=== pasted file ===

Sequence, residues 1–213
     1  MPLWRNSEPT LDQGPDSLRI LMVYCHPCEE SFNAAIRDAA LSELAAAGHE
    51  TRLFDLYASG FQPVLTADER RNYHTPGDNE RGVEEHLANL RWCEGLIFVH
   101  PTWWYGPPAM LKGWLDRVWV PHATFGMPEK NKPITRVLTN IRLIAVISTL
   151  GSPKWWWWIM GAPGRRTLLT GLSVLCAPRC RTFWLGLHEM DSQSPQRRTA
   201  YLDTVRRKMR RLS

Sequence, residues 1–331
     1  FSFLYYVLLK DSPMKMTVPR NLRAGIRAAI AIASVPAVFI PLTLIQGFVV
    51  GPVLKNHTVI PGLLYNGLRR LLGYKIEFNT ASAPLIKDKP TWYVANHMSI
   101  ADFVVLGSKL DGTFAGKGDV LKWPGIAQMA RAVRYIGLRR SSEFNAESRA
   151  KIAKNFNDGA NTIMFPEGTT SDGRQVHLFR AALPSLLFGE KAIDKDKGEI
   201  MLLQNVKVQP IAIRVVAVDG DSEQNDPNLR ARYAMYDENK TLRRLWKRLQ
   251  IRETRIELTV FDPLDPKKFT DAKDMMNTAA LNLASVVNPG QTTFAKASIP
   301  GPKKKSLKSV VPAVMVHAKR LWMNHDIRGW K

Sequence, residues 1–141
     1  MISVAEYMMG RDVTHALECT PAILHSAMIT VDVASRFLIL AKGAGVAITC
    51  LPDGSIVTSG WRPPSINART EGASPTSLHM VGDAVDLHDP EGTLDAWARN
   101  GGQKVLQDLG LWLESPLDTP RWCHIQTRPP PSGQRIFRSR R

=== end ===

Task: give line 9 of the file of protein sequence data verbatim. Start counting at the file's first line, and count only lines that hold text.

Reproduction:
    51  GPVLKNHTVI PGLLYNGLRR LLGYKIEFNT ASAPLIKDKP TWYVANHMSI